REVIEW: Deeper by Robin York
Spoiler (Trigger Warnings): Show
Dear Ms. York,
I enjoyed several New Adult books when I first discovered the genre, but my interest faded pretty quickly and I began to feel like many of the books were so similar that I may as well just re-read my favorites. The premise of Deeper sounded interesting enough to give it a shot, however, and I’m glad I did.
Caroline Piasecki sees herself as a good girl, a driven student, with career ambitions and her life mapped out. Then at the beginning of her sophomore year in college, she gets a text, and a link, that changes everything: her ex-boyfriend has posted pornographic pictures of her online, along with identifying information. The pictures were consensual, but making them public was obviously not. Caroline had gone along with what her boyfriend wanted to do, even though she had reservations about some of it – and when the relationship ended, he used that to strike out at her.
You write in the author’s note that non-consensual pornography – better known as revenge porn – sucks, and it does. It is a horrible invasion of privacy, an attempt to embarrass and shame people (and especially women) about their sexuality, opens them to harassment (or worse), and can make it very difficult to trust people in the future. For Caroline, every interaction now carries a subtext: has this person seen me naked, having sex, do they think I’m a slut, are they judging me, are the pictures why this cute guy wants to talk to me? She gets emails with obscene photos and has a constant soundtrack in her head of men slut-shaming her. Caroline doesn’t want to be a victim, and she wants to move on in her life. Her challenge is in coming to terms with the fact that legally, she can’t do much, and the internet never forgets; she has to find her way to deal with what happened, and come out stronger in a different way.
Caroline’s first reaction is to try and make everything go away, which turns out to be a lost cause. But she doesn’t hide, though she does want to. She becomes closer to West Leavitt, whom she met when they first started college. He knows about the pictures, and she knows he’s seen them, but she feels right with him. Here’s how she describes it on one occasion:
Insomnia has made me her bitch, but it doesn’t matter so much when I can hang out with West and study in my little nook. I nap after class. I’m turning into a creature of the night. It’s all right, though. I guess I’d rather be Bella Swan hanging out at the Cullen place than, you know, school Bella—all pissy and defensive, clomping around Forks High, convinced everyone hates her.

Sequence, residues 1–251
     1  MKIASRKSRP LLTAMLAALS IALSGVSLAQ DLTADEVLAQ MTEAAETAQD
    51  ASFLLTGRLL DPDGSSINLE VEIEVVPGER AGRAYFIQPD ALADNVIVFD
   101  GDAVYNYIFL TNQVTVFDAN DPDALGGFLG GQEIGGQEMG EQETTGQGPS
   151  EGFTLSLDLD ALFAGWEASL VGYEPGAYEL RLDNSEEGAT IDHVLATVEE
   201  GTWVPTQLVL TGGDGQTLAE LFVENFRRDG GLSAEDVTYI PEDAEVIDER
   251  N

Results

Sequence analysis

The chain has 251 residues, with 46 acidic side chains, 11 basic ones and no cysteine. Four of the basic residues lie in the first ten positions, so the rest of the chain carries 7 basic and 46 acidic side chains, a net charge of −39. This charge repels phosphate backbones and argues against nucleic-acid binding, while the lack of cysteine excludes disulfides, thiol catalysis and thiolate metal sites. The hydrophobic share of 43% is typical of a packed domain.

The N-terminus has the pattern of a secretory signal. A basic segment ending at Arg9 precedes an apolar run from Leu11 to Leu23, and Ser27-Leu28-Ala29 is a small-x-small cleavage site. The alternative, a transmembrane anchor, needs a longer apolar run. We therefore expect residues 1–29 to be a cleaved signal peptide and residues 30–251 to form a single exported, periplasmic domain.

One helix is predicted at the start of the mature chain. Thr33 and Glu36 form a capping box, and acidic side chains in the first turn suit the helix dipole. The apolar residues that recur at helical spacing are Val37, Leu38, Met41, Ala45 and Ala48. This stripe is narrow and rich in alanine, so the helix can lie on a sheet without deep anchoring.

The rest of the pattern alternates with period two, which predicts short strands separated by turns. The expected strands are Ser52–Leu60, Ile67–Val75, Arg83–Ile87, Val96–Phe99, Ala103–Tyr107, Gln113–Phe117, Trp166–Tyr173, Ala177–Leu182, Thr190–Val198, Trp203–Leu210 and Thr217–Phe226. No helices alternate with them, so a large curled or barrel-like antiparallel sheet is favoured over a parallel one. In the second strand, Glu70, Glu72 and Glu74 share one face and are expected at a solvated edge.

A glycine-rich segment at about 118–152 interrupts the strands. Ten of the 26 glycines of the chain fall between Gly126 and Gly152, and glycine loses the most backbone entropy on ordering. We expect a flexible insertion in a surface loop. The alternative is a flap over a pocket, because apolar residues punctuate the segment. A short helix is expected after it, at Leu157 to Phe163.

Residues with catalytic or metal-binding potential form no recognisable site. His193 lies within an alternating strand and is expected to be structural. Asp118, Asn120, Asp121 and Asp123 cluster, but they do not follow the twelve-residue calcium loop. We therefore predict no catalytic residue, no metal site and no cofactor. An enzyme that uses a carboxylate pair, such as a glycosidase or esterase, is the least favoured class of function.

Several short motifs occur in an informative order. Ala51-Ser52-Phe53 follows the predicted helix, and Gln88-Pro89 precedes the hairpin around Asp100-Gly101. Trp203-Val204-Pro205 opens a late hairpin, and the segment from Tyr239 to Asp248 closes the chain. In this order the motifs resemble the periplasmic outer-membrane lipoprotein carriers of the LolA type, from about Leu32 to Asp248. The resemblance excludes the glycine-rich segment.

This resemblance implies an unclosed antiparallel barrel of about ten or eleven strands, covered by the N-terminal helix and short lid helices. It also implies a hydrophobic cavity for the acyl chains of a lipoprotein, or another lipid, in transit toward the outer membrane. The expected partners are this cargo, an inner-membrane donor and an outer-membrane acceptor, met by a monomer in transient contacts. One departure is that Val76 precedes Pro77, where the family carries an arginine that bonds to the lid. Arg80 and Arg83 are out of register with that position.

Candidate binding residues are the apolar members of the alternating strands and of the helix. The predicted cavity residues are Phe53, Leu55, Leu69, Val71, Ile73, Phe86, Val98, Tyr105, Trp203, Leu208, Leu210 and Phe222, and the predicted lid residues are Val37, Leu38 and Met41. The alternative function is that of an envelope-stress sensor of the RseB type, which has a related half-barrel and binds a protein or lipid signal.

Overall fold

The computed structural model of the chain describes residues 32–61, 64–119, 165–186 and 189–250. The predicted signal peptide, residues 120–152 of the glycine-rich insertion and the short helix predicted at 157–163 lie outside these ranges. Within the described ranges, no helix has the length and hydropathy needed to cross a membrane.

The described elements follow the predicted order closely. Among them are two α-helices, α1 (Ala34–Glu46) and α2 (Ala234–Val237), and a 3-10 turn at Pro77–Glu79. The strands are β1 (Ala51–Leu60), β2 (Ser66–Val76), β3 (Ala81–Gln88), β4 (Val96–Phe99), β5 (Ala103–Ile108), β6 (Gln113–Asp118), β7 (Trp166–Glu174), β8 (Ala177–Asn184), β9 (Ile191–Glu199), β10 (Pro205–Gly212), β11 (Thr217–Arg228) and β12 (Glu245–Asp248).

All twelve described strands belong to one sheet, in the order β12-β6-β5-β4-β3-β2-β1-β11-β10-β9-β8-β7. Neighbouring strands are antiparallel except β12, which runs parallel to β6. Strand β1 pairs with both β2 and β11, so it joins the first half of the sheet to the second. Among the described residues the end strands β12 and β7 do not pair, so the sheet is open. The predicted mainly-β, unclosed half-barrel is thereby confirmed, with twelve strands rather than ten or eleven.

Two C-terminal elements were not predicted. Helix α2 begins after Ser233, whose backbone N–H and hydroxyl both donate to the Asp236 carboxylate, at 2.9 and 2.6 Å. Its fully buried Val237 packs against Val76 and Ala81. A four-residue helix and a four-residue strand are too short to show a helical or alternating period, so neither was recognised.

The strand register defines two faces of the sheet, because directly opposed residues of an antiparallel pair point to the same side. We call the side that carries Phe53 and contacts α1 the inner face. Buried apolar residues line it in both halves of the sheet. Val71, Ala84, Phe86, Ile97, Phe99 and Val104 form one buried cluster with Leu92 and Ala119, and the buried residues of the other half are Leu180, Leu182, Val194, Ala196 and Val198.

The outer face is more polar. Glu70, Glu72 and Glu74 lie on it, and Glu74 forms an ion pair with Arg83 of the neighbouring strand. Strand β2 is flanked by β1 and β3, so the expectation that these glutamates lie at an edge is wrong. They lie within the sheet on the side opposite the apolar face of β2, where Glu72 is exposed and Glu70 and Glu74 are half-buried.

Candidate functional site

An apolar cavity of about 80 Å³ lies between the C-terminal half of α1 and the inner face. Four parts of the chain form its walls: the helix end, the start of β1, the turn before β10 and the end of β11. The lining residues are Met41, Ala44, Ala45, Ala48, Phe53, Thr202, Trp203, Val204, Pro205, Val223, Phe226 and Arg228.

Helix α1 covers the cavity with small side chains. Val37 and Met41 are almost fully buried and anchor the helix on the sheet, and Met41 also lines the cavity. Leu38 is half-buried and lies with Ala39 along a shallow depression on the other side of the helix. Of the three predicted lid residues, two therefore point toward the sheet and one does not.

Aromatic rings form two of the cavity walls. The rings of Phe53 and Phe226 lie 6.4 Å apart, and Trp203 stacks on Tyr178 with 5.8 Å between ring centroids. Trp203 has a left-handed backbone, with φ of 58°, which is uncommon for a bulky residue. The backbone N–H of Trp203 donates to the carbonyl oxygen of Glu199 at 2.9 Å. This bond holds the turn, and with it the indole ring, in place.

West and Caroline had kept their distance from each other on purpose. She was in a relationship and had also promised her father to stay away from West; for West, there’s no place in his life for someone he could potentially feel strongly about. He’s seen his mother’s obsessive and unhealthy relationship with his father wreck her life, and he wants better things for himself: an education, a career, financial stability, and the ability to make a good life for himself and for his younger sister, Frankie. In his world,
Assuming you’re going to get into med school is like assuming you can walk on water. It’s a fairy tale, and people who believe in fairy tales are idiots.
To accomplish his goals, West will do just about anything: work multiple jobs, almost never sleep, deal drugs, do sex work – and all of it takes a toll. Still, I wasn’t as invested in West’s part of the story as in Caroline’s, and I felt at times as though you’d gone overboard with his difficult background and its effect on him. But Caroline only takes so much of his sending mixed signals and acting like a jerk before she starts calling him out on things, which was good. I could see how these two characters that came from very different places fit together, and I wanted them to find a way to be happy. Also, I liked that Caroline’s character arc wasn’t just about her relationship with West but also with her best friend and with the new friends she makes as she tries to figure out who and what she wants to be.
In addition to West’s background, a few other things didn’t quite work for me – one is the introductions to each chapter. In several of them, the character narrating would basically give a preview of what was about to happen, which I thought that was odd. Another is the various references to things being deeper, a deeper connection, etc. in the second half of the book. I get that this is the title and a major theme of the book, but it was repeated a few too many times. Finally, I felt that as the novel progressed, there was too much focus on Caroline and West’s sexual relationship than was needed to advance the plot, the relationship or the characters. Again, I can see why this was done: West is used to thinking of sex as a tool, Caroline wants to take charge of her sexuality after what happened to her, and both are figuring out their relationship as they go. But it was just a bit too much at times.
I should point out that Caroline and West do get a happily for now interlude, but the book does not have a happy resolution, and although the two care for each other, each of them has to head in a different direction. Their relationships with their families are also not settled, and Caroline still has to deal with the aftermath of her ex’s actions. Despite my reservations about certain aspects of this book, I’m interested enough to continue and see how things work out for them in the next one. Deeper gets a B.